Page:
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Economic recovery is mixed bag in Toledo

Jobless rate falling, but area still weak


The Brookings Institution study finds Toledo's falling unemployment rate was the fourth-fastest in the nation in the fourth quarter of 2010.

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Toledo is doing a little better than other cities in some areas of its recovery and a lot worse than others in some categories, according to a study released today on economic conditions in the nation's 100 largest metro areas.

The Brookings Institution study finds Toledo's falling unemployment rate was the fourth-fastest in the nation in the fourth quarter of 2010, shedding 2.1 percentage points in a one-year period.

However, for the number of jobs lost across the four-county metro area since its most recent employment peak -- in the first quarter of 2006 -- metro Toledo ranked 94th out of 100, having lost 12.4 percent of the total jobs.

Toledo ranked 93rd in terms of its lost gross metropolitan product -- the sum of goods and services created in the local economy. The study found the metro area had shed 6.1 percent of its total output since the third quarter of 2005.

The region was in the middle of the pack in terms of housing prices and foreclosed properties. Overall, metro Toledo continued to be one of the 20 weakest-performing metro economies in the nation, the study found. Also in the lowest 20 were Cleveland, Dayton, Youngstown, and Detroit.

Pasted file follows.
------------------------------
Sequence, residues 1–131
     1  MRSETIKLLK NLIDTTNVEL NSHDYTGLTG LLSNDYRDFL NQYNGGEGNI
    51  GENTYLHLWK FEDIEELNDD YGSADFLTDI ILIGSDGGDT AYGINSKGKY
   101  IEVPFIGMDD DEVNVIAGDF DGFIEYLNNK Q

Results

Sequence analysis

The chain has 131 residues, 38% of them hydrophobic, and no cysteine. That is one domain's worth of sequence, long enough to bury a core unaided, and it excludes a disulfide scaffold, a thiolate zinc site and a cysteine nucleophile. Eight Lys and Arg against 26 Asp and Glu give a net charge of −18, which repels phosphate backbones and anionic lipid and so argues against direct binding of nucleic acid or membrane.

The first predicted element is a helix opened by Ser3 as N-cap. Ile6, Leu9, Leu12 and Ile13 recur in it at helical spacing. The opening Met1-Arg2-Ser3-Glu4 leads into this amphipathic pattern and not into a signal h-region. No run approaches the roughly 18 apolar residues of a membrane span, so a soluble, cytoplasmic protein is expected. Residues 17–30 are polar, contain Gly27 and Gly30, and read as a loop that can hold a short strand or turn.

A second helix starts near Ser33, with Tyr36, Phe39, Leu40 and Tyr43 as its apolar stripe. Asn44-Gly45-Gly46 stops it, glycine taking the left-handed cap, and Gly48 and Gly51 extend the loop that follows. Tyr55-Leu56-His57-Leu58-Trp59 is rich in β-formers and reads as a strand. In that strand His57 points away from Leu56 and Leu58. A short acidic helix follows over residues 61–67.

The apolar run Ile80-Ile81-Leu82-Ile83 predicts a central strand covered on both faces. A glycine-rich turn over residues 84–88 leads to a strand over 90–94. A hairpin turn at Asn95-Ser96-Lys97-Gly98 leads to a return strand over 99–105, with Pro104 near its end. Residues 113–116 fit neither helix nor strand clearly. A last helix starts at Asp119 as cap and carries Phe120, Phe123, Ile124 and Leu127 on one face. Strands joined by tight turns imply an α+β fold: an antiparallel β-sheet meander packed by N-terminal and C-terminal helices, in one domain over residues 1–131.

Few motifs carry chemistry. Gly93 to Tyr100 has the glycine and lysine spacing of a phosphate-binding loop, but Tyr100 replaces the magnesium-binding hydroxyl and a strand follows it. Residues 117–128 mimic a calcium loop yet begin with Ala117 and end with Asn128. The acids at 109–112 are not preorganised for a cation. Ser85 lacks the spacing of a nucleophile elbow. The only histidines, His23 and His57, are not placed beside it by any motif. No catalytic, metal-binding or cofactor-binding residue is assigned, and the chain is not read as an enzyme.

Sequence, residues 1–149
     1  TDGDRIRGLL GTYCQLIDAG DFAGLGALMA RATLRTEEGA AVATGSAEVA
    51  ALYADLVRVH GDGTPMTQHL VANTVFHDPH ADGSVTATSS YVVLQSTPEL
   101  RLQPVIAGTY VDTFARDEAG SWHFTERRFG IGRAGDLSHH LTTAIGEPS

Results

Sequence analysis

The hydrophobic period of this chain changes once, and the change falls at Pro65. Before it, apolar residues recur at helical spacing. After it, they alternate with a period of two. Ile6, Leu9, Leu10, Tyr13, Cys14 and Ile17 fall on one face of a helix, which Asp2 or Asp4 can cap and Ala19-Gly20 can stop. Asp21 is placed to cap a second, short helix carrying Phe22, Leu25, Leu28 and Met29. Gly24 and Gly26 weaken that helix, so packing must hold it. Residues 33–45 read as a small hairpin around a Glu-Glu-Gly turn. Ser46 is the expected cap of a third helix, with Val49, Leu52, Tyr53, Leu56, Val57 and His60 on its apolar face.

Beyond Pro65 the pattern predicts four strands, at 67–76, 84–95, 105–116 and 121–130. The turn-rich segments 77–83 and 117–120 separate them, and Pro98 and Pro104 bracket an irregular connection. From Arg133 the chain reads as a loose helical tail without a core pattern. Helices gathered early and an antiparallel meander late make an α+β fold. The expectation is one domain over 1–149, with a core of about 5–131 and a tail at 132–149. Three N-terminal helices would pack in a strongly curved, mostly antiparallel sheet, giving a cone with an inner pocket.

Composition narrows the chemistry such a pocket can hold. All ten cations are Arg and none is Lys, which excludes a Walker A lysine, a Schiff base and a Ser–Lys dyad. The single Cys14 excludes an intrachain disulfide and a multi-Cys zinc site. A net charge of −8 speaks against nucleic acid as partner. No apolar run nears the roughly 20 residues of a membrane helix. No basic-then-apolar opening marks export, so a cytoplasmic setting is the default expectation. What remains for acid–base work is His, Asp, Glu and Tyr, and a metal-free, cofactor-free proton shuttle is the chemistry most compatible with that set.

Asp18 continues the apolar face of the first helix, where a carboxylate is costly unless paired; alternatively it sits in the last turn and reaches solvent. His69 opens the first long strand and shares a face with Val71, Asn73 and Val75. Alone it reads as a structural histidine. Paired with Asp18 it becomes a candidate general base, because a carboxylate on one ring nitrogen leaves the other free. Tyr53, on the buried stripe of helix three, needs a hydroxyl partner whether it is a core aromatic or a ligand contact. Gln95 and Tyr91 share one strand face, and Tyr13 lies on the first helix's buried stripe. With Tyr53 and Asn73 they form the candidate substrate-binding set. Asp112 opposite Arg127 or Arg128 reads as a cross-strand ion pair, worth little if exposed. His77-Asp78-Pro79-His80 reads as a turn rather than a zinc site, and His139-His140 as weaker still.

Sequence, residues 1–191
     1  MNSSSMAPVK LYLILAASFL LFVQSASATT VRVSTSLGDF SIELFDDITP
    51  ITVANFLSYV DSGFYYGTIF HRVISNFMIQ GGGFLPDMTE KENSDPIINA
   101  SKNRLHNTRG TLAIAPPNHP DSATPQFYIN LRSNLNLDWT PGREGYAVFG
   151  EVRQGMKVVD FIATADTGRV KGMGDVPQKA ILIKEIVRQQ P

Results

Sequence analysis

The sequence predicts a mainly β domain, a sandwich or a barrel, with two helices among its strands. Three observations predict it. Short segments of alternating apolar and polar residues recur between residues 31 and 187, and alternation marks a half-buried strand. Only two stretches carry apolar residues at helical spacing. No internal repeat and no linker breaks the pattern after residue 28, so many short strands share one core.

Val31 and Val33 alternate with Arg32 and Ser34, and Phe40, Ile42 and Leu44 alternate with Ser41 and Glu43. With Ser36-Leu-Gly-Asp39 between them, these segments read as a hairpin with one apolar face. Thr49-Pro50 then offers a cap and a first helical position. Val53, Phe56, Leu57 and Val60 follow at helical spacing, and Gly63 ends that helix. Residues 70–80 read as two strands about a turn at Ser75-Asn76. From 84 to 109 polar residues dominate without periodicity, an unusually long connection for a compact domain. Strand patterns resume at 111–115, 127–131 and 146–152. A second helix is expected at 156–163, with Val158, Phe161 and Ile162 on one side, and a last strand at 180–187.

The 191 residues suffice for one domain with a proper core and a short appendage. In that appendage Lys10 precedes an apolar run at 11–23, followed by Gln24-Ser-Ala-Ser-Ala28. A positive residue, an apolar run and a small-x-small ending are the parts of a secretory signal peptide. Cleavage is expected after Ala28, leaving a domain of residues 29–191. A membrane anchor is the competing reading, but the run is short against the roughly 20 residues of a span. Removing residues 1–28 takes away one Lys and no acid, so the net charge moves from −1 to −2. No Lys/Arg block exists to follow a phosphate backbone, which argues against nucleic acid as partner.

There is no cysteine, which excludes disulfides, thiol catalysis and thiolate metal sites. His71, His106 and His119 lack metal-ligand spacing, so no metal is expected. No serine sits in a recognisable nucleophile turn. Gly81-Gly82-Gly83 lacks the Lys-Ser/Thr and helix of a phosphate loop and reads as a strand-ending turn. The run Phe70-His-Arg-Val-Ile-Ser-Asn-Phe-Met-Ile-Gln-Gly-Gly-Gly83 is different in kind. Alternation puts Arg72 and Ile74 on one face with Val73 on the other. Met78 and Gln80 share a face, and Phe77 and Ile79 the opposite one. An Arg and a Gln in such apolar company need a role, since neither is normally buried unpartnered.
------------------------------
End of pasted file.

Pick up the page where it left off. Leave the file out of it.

"What you see in Toledo in the numbers is not very different from what you see in a place like Detroit or Dayton. Some of this just indicates that for a lot of Ohio's metros, the downturn started well before 2007," said Jennifer Bradley, a spokesman with Brookings' metro research project. "What we're finding now is that the story is not changing dramatically from quarter to quarter. We're kind of in a steady state right now."

Nationwide, Brookings economic researchers found:

● Most large metro areas are adding jobs again, but slowly. Employment rebounded from its low point in most of the largest metropolitan areas, but only four have gained back more than half the jobs they lost between their employment peak and their post-recession employment low point, and only one -- McAllen, Texas -- had fully recovered.

● Syracuse was the only metro area in the Great Lakes region that had a higher unemployment rate in December than it did a year ago, but all 100 of the nation's largest metro regions had higher unemployment rates in December than they did three years earlier.

● In terms of their gross metropolitan product, more than half of the 100 largest metropolitan areas had restored their pre-recession output by the fourth quarter of 2010. Housing prices continued to decline in nearly all large metro areas, with only Honolulu and San Jose experiencing price increases over the last year.

"The picture for 2010 is not great, but it's much better than it was," said Jim Coons, an economist and head of J.W. Coons Advisors LLC in Columbus. "I think the leading indicators are pretty strongly consistent with continuing economic growth at a moderate pace. It's not like the economy is fragile and we're in danger of slipping back into recession, unless we get hit by another shock."

Contact Larry P. Vellequette at or 419-724-6091

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